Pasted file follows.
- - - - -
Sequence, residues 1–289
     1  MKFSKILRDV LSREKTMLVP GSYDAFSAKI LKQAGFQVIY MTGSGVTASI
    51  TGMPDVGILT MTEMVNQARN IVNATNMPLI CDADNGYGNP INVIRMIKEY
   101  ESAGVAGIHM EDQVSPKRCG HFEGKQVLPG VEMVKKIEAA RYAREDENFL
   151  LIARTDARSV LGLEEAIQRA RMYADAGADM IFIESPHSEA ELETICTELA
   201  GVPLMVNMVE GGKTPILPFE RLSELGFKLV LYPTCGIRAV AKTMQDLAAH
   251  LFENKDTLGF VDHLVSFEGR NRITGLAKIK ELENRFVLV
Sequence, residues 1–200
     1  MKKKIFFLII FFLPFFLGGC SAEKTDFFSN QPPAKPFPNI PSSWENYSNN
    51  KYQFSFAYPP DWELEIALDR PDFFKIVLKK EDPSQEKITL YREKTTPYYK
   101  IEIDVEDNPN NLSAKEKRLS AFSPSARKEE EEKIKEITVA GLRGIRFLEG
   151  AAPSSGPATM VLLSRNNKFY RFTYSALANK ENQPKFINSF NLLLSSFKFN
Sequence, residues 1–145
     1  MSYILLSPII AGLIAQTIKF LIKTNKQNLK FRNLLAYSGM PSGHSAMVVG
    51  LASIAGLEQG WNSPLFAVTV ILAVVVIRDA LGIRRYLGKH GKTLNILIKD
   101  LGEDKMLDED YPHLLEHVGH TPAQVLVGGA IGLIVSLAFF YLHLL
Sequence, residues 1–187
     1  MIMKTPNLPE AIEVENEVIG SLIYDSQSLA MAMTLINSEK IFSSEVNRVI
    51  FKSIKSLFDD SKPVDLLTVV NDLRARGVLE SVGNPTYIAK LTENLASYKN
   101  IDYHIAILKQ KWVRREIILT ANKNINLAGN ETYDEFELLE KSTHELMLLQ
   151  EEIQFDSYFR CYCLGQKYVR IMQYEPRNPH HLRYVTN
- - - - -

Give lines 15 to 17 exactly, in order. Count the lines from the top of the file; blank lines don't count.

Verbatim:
    51  LASIAGLEQG WNSPLFAVTV ILAVVVIRDA LGIRRYLGKH GKTLNILIKD
   101  LGEDKMLDED YPHLLEHVGH TPAQVLVGGA IGLIVSLAFF YLHLL
Sequence, residues 1–187